Japan Geoscience Union Meeting 2019

Presentation information

[J] Oral

A (Atmospheric and Hydrospheric Sciences ) » A-CC Cryospheric Sciences & Cold District Environment

[A-CC27] Glaciology

Wed. May 29, 2019 9:00 AM - 10:30 AM 303 (3F)

convener:Takayuki Nuimura(Tokyo Denki University), Ishikawa Mamoru(Hokkaido University), Kzutaka Tateyama(National University Corporation Kitami Institute of Technology), Hiroto Nagai(Waseda Univ., School of Education), Chairperson:Hiroto Nagai(Japan Aerospace Exploration Agency)

10:15 AM - 10:30 AM

[ACC27-06] Quantify the range of projections of future changes in glacier mass caused by differences among observed past climate datasets

*Megumi Watanabe1, Aki Yanagawa2, Yukiko Hirabayashi3, Satoshi Watanabe4, Shinjiro Kanae1 (1.Tokyo Institute of Technology, 2.Meisei University, 3.Shibaura Institute of Technology, 4.The University of Tokyo)

Keywords:propagation of uncertainty, glacier model, bias correction, calibration, air temperature, precipitation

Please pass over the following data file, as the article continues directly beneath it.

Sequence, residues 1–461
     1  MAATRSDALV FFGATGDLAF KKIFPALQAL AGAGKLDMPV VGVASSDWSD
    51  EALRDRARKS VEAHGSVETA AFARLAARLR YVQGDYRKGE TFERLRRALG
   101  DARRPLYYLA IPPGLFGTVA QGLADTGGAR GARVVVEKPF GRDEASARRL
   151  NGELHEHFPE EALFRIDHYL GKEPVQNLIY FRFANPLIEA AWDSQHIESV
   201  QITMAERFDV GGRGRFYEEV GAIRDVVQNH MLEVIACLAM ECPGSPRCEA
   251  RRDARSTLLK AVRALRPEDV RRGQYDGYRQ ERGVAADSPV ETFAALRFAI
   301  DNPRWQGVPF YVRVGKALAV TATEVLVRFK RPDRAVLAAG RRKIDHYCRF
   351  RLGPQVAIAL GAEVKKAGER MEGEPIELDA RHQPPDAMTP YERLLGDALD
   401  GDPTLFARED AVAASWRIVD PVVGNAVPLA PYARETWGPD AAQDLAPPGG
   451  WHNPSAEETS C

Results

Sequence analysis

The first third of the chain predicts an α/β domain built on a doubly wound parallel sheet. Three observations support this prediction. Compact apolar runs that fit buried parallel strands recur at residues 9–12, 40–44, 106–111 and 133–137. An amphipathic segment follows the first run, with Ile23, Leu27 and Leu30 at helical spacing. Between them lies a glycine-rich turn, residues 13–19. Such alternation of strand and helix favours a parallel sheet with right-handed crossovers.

Observed climate data used as input in glacier models are expected to differ among datasets particularly at high elevations. Differences among datasets have not yet been described as a cause of uncertainty in projections of future changes in glacier mass, although uncertainty caused by varying future climate projections among general circulation models (GCMs) has often been discussed. Differences among climate datasets are expected to propagate as uncertainty in future changes in glacier mass due to bias correction of GCMs and calibration of glacier models. We project ensemble future changes in the mass of glaciers in Asia through the year 2100 using a glacier model. A set of 18 combinations of inputs, including two observed past air temperature datasets, three observed past precipitation datasets, and future air temperature and precipitation projections from three GCMs were used. The uncertainty in projected changes in glacier mass was partitioned into three distinct sources: GCM uncertainty, observed past air temperature uncertainty, and observed past precipitation uncertainty. Our findings indicate that, in addition to the differences in climate projections among GCMs, differences among climate datasets can propagate uncertainty into projected changes in glacier mass. Significant differences in observed precipitation did not cause major uncertainty in projected changes in glacier mass.